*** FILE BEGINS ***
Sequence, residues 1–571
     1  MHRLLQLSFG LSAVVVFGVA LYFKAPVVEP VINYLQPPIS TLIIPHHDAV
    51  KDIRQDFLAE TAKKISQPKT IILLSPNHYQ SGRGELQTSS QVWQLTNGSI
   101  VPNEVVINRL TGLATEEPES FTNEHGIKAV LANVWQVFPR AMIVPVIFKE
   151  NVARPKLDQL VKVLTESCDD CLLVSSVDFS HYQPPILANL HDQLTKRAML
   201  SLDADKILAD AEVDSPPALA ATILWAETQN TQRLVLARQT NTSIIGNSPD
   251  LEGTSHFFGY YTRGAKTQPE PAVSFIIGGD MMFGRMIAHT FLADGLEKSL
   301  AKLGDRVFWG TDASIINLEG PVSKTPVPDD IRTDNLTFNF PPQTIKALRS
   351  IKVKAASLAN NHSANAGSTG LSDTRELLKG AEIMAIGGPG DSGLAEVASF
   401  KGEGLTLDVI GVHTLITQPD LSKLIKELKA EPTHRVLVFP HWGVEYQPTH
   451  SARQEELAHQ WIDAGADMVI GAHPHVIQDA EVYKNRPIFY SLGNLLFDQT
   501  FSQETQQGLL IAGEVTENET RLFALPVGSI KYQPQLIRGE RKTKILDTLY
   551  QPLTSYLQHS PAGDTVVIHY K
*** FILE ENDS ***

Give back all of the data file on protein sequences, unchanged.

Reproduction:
Sequence, residues 1–571
     1  MHRLLQLSFG LSAVVVFGVA LYFKAPVVEP VINYLQPPIS TLIIPHHDAV
    51  KDIRQDFLAE TAKKISQPKT IILLSPNHYQ SGRGELQTSS QVWQLTNGSI
   101  VPNEVVINRL TGLATEEPES FTNEHGIKAV LANVWQVFPR AMIVPVIFKE
   151  NVARPKLDQL VKVLTESCDD CLLVSSVDFS HYQPPILANL HDQLTKRAML
   201  SLDADKILAD AEVDSPPALA ATILWAETQN TQRLVLARQT NTSIIGNSPD
   251  LEGTSHFFGY YTRGAKTQPE PAVSFIIGGD MMFGRMIAHT FLADGLEKSL
   301  AKLGDRVFWG TDASIINLEG PVSKTPVPDD IRTDNLTFNF PPQTIKALRS
   351  IKVKAASLAN NHSANAGSTG LSDTRELLKG AEIMAIGGPG DSGLAEVASF
   401  KGEGLTLDVI GVHTLITQPD LSKLIKELKA EPTHRVLVFP HWGVEYQPTH
   451  SARQEELAHQ WIDAGADMVI GAHPHVIQDA EVYKNRPIFY SLGNLLFDQT
   501  FSQETQQGLL IAGEVTENET RLFALPVGSI KYQPQLIRGE RKTKILDTLY
   551  QPLTSYLQHS PAGDTVVIHY K